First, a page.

In a report published by the House of Commons, experts in the field of prescription medication described a dire situation for medicine safety in the United Kingdom (UK) if a “no-deal” departure from the European Union (EU) happens. Prescription medication verification and testing will have to be recreated by the Medicines Health and Regulatory Agency (MHRA) and the EU’s Falsified Medicines Directive (FMD), which is the EU’s version of track-and-trace, will no longer be applicable to prescription medication sold in the UK. The report noted, “Witnesses told us that, without provisions with the EU to continue to exchange data, the UK would be shut out of critical EU data exchanges on pharmacovigilance, falsified medicines and clinical trials.”
Remarks from the BioSciences Association (BIA) described a “real threat of counterfeit medicines entering the UK supply chain” and suggested that the Government should reconsider the decision to revoke legislation implementing the FMD. BIA representatives reminded the House of Commons of how important the FMD was to prescription medication safety, citing recent MHRA recalls that were a direct result of information received from their EU counterparts.
As the report noted in its summation of the dangers posed to the prescription drug supply by Brexit, “If the UK leaves the EU without a deal, it will become a third country for the purposes of service provision in the EU, meaning that mutual recognition of regulatory regimes will end, and UK service providers will have to abide by the host state rules of each Member State as opposed to a single set of EU rules.”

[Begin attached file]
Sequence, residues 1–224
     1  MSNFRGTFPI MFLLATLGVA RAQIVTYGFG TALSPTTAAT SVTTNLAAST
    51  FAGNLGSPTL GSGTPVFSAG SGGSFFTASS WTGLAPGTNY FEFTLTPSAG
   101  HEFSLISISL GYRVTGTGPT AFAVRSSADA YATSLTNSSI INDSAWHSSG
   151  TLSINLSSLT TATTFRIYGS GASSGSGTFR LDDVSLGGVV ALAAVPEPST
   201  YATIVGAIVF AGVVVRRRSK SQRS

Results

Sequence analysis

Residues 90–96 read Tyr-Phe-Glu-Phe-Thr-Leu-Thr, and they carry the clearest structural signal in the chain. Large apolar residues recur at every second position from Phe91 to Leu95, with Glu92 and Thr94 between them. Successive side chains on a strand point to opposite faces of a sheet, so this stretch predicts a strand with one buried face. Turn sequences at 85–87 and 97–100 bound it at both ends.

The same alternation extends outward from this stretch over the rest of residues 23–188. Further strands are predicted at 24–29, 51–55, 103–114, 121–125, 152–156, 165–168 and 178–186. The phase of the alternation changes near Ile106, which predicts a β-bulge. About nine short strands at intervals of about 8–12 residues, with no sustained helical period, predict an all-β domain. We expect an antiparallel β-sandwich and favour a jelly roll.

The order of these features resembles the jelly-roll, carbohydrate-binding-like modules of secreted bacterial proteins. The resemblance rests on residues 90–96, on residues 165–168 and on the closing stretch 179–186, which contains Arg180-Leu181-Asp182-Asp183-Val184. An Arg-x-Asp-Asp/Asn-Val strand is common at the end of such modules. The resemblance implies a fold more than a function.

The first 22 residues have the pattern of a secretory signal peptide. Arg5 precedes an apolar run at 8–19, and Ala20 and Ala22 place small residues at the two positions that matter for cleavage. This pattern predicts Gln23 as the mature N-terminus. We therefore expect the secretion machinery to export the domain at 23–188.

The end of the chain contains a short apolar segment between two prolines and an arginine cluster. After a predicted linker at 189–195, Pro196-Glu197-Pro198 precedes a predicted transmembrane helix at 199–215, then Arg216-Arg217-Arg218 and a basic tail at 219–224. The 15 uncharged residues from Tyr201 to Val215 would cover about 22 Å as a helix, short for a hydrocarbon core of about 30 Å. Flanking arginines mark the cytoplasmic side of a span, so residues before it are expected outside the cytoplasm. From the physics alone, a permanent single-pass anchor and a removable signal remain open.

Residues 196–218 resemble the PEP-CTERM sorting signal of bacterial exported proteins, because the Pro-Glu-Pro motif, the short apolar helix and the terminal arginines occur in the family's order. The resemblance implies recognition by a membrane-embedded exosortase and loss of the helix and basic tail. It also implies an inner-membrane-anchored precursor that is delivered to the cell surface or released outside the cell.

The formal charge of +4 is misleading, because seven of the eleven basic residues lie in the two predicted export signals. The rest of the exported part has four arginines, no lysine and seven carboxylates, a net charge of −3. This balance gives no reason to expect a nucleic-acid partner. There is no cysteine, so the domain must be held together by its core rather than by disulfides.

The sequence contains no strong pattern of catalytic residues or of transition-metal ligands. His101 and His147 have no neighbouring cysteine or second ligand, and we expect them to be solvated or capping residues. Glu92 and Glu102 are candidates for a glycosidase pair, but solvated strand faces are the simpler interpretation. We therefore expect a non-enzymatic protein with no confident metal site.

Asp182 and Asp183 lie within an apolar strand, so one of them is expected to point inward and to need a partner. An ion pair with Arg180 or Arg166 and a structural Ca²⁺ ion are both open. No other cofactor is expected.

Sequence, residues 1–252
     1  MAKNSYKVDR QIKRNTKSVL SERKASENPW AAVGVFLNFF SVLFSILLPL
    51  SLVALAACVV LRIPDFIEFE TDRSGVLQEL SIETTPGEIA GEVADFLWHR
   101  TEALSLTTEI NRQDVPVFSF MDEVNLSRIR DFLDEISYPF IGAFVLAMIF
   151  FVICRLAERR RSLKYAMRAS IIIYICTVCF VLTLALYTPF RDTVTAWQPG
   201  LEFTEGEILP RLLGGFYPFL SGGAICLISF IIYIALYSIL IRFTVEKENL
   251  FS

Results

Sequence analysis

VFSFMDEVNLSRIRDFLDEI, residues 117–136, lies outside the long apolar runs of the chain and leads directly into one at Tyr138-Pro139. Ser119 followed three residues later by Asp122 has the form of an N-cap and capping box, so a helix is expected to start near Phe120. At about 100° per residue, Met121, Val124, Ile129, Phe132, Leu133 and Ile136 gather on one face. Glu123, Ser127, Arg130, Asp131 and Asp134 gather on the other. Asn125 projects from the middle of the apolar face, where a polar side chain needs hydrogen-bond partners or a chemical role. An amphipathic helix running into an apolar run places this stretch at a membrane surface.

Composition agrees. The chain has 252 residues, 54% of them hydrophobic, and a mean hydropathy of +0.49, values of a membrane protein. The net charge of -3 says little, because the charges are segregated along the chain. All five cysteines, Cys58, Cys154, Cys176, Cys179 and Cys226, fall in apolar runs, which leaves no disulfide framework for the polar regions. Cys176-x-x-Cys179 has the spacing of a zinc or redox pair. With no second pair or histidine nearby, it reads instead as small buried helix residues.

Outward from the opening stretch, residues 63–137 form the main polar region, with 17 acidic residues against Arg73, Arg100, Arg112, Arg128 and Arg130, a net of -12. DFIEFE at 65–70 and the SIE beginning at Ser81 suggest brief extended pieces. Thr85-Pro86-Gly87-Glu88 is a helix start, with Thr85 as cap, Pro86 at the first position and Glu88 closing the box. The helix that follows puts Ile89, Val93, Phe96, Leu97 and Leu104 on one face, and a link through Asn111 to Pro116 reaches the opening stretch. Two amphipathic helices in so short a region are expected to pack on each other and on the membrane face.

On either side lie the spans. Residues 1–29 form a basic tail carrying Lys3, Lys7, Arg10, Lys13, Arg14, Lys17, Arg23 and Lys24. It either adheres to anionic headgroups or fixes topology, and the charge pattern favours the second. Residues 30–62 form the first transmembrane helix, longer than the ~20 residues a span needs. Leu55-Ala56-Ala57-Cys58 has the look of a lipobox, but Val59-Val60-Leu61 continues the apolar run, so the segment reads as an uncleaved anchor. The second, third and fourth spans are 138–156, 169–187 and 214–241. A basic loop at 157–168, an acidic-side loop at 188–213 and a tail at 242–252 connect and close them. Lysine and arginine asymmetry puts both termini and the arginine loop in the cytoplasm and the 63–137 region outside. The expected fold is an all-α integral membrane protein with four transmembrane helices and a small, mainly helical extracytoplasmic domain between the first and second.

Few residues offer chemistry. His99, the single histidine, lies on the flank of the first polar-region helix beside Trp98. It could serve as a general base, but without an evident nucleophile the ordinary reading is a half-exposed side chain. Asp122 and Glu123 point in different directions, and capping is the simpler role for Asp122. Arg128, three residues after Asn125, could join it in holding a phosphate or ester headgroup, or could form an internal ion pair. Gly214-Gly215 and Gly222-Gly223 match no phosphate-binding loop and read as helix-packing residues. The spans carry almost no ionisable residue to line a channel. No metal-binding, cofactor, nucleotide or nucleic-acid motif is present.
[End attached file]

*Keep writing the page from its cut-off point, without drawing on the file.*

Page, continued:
Regulatory Affairs Professionals Society recorded the MHRA’s response to concerns brought up last January about the FMD, "In the event that the UK leaves the EU in March 2019 with no deal in place, and as stated in the agency's broader consultation… we expect that the UK would not have access to the EU central data hub, and therefore stakeholders would be unable to upload, verify and decommission the unique identifier on packs of medicines in the UK."
The House of Commons report also describes how unpredictable the medication supply will become under a no-deal Brexit. Martin Sawer, Executive Director of the Healthcare Distribution Association testified that among other problems, “expect some critical shortage probably in the lower volume medicines, not the everyday ones, which are stockpiled very high. Unless prices go up, the medicine might not come to the UK. The manufacturer will sometimes not provide it to the UK if the prices are too low.” The report noted that in general, “witnesses said that it was difficult to measure the extent of medicine shortages that would result from such disruption,” but a no-deal Brexit would only compound any shortages that the country already faces on a daily basis.
If a no-deal Brexit does happen, the safeguards that protect the medicine available to British citizens will be completely stripped away. Drug counterfeiters will easily exploit any holes available to them, and poorer health outcomes will be a result.